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Malware

Malvertising campaign spoofs Malwarebytes website to deliver Raccoon info-stealer

Malicious actors created a fake webpage that impersonates cybersecurity company Malwarebytes and were using it as a gateway in a malvertising campaign designed to infect victims with the Raccoon information stealer. The malvertisements, which likely appeared on adult websites, automatically redirected site visitors to the fake page without any customer interaction, according to the Malwarebytes…

Sale of Dharma ransomware source code draws hackers’ scrutiny, but the price is right

An unidentified party has reportedly placed the source code for Dharma ransomware up for sale on at least two Russian hacker forums, adding a formidable new competitor to an already crowded underground market. And while cybercriminals have met the offer with some healthy skepticism, the bargain-basement selling price of $2,000 may be alluring enough for…

Hijacked routers and attempted WHO hack highlight latest COVID-19 attacks

Businesses remain closed in many major cities around the world as the coronavirus pandemic rages, but cybercriminals are still open for business, as they continue to use the crisis to serve their nefarious purposes. Today’s latest round-up of coronavirus threats includes a reported hacking attempt against the World Health Organization, a DNS hijacking attack designed…

Open redirect on Dept. of HHS website benefits COVID-19 phishing scam

A coronavirus-themed phishing campaign designed to infect victims with Raccoon information-stealing malware has reportedly been leveraging an open redirect vulnerability found on the U.S. Department of Health and Human Services’ website, HHS.gov. As defined by Trustwave here, an open redirect occurs when a website’s “parameter values (the portion of URL after “?”) in an HTTP…

FBI warns of COVID-19 phishing scams promising stimulus checks, vaccines

The FBI’s Internet Crime Complaint Center (IC3) has issued a public service announcement warning citizens to watch out for email-based fraud and malware schemes that take advantage of the coronavirus pandemic. Among the scams to look out for are emails purporting to contain helpful information from the Centers for Disease Control and Prevention (CDC) and…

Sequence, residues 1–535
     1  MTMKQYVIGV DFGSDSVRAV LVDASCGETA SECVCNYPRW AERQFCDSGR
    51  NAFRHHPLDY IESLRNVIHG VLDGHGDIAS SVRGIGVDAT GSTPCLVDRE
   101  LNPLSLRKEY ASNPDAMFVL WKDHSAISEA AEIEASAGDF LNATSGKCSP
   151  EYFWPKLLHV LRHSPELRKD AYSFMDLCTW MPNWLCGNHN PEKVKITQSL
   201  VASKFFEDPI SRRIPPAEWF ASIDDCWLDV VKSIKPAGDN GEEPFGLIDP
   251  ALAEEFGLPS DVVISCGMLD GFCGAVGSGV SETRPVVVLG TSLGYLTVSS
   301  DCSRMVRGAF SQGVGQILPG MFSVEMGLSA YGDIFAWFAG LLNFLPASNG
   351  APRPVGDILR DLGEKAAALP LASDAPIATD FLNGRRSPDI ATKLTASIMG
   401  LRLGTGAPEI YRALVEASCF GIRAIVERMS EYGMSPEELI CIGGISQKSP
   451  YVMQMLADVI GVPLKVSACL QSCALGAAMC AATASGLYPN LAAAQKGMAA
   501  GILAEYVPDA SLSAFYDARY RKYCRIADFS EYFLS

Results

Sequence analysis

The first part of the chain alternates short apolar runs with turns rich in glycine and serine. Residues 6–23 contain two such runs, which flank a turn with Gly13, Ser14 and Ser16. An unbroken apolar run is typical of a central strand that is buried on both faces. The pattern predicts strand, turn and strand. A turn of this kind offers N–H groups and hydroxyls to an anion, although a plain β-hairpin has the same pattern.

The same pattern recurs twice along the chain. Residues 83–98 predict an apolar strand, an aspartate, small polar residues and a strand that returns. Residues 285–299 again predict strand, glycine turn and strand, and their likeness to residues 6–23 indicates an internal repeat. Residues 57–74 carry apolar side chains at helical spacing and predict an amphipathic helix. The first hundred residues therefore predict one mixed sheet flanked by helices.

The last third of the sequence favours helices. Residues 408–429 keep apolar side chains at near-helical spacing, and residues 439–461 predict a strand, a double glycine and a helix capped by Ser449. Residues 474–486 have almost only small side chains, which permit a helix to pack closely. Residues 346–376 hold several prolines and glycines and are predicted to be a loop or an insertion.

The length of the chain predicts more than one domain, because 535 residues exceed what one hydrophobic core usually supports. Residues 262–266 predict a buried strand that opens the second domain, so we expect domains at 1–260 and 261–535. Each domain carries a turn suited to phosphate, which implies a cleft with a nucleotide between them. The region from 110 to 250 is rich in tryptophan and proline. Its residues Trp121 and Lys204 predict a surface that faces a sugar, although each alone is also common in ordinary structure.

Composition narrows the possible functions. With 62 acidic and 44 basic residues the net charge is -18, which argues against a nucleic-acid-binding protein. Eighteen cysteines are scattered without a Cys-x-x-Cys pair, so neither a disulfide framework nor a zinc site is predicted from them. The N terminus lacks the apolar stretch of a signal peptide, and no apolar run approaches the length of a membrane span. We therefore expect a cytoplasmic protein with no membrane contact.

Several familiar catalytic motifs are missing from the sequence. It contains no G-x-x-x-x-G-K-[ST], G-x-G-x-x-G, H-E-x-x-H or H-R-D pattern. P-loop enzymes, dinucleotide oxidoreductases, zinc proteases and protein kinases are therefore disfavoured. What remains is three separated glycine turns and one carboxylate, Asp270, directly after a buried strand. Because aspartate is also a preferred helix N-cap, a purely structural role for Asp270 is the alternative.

Coronavirus news being used to sneak malware past AV programs

In an effort to make malware appear legitimate and help it sneak past security software, groups using two well-known trojans are inserting news text from Coronavirus stories into their file descriptions. Padding malware with fake news is not new but Bleeping Computer has found Trickbot and Emotet now being used in conjunction with stories associated…

TrickBot banking trojan introduces RDP brute forcing module

Malicious actors have created a new module for the TrickBot banking trojan that allows the malware to perform brute force attacks on Microsoft’s Remote Desktop Protocol, specifically targeting U.S. and Hong Kong IP addresses. The module, called rdpScanDll, primarily focuses on the telecommunications, education, and financial services sectors, according to a new white paper from…

Report: NutriBullet’s website injected with skimmer three times by Magecart Group 8

Since February, a prominent Magecart cybercriminal group has injected the same Java-based payment card skimmer program not one, not two, but three times into the compromised international website of blender manufacturer NutriBullet, researchers from RiskIQ have reported. Each time a skimmer was removed from nutribullet.com, the criminal actors, known as Magecart Group 8, would reintroduce…

Spyware disguised as COVID-19 tracker app actually keeps track of users

Another malicious actor has weaponized an otherwise legitimate, interactive coronavirus tracking map created by Johns Hopkins University — this time to deliver Android spyware as part of a campaign that originates out of Libya and seemingly targets individuals within that country. The surveillanceware, known as SpyMax, comes packaged in a trojanized application named “corona live…

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